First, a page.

Do you have a valid will?
A Will is a document that states how you would like your assets to be distributed when you die. It also identifies people or organisations you would like to be responsible for carrying out your wishes.
It is a legal document, and to be valid, there are a number of processes that must be followed.
According to Section 7 of the Wills Act 1997 (Vic), a Will is not valid unless:
- It is in writing and signed by the Testator (Will-maker) or by some other person in the presence of and at the direction of the Testator; and
- The signature is made with the Testator’s intention of executing a Will, whether or not the signature appears at the foot of the Will; and
- The signature is made or acknowledged by the Testator in the presence of two or more witnesses present at the same time; and
- At least two of the witnesses attest and sign the Will in the presence of the Testator but not necessarily in the presence of each other.
You must also appoint an Executor. An Executor is someone who is going to manage your estate – i.e. collect your assets, pay your liabilities and distribute your estate to your beneficiaries in accordance with your Will.
Why use a lawyer to draw a Will instead of a Will Kit you can buy from the Post Office?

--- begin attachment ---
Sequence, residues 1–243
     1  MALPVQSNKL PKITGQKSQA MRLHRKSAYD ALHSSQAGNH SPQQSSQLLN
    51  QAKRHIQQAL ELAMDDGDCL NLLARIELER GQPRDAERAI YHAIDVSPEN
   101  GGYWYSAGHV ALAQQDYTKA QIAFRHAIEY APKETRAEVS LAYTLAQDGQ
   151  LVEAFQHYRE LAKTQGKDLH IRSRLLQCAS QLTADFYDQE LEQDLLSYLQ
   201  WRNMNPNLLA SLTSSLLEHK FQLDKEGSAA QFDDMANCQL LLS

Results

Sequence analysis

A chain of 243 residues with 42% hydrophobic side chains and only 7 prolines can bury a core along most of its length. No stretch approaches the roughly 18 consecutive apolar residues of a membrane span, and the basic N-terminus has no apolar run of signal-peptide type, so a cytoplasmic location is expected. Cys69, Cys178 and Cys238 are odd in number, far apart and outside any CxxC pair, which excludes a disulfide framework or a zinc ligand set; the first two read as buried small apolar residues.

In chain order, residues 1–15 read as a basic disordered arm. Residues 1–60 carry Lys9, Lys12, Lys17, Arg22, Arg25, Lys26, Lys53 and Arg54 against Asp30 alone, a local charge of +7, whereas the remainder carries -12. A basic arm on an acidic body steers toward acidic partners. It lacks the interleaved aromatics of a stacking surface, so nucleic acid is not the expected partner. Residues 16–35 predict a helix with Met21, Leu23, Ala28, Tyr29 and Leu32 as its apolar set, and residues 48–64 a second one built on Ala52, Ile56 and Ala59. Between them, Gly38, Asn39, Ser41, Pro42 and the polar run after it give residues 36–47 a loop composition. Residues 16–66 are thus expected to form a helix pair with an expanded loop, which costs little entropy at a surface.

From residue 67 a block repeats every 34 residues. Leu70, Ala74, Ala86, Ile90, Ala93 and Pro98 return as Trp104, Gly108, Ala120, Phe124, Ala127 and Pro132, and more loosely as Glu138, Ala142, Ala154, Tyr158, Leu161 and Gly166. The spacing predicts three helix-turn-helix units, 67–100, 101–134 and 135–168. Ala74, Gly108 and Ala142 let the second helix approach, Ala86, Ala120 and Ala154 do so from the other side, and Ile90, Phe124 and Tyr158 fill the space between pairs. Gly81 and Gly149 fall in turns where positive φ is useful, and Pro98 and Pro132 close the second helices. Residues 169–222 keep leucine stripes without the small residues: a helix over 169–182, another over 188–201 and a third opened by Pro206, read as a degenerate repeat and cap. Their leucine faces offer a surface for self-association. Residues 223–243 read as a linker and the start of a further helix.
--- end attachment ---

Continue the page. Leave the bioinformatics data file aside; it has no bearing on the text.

To save money, many people choose to write their own Will. This may do more harm to your beneficiaries than help.
Here’s why you should spend the money:
- You may be sure that your Will is valid;
- You may minimise the risk of litigation if a person makes a claim against your estate;
- You may be asked to put measures in place for scenarios which you have not thought of before but which your lawyer has picked up;
- You may be advised how to make your bequests in a way that helps a beneficiary, not harms them.
Don’t forget: It is a part of Hassall’s Litigation Services to minimise the risk of litigation!
A client wanted to leave her property to her son who was living in it with her. However, her son was receiving Centrelink benefits. If he inherited the house, he would not be entitled to receive those benefits.
If the son did not inherit the property outright upon his mother’s death and instead received a life interest for him to occupy the property i.e. he had the right to live in the property without owning it, he would still be entitled to receive his benefits. This enabled him to maintain his Centrelink benefits and live rent-free in the property.
In this scenario, the Executor would manage the household expenses such as bills which are paid by the Estate. The house remains in the name of the Estate.
If you want to exclude a person from benefiting from your Estate, you must state this in your Will and include the reason(s) why. This helps with showing that you intended to exclude a person from your Will and it was not merely an oversight.
Are you sure your Will is created such that your beneficiaries will be taken care of and only the people you want to benefit from your Estate will? We can remove the doubt – speak to us.
This article provides information that is general in nature and is not a substitute for legal advice.